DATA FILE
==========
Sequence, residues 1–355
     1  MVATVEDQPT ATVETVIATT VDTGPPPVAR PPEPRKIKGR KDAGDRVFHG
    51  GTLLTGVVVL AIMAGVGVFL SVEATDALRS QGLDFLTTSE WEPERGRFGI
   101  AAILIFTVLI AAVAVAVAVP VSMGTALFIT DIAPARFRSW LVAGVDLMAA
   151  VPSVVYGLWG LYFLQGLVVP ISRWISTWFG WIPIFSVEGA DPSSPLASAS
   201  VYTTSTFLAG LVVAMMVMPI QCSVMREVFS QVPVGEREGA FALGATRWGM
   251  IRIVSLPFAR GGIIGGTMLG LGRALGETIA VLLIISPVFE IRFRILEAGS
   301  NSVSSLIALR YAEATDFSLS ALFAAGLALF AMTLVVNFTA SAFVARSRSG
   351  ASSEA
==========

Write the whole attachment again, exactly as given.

Sequence, residues 1–355
     1  MVATVEDQPT ATVETVIATT VDTGPPPVAR PPEPRKIKGR KDAGDRVFHG
    51  GTLLTGVVVL AIMAGVGVFL SVEATDALRS QGLDFLTTSE WEPERGRFGI
   101  AAILIFTVLI AAVAVAVAVP VSMGTALFIT DIAPARFRSW LVAGVDLMAA
   151  VPSVVYGLWG LYFLQGLVVP ISRWISTWFG WIPIFSVEGA DPSSPLASAS
   201  VYTTSTFLAG LVVAMMVMPI QCSVMREVFS QVPVGEREGA FALGATRWGM
   251  IRIVSLPFAR GGIIGGTMLG LGRALGETIA VLLIISPVFE IRFRILEAGS
   301  NSVSSLIALR YAEATDFSLS ALFAAGLALF AMTLVVNFTA SAFVARSRSG
   351  ASSEA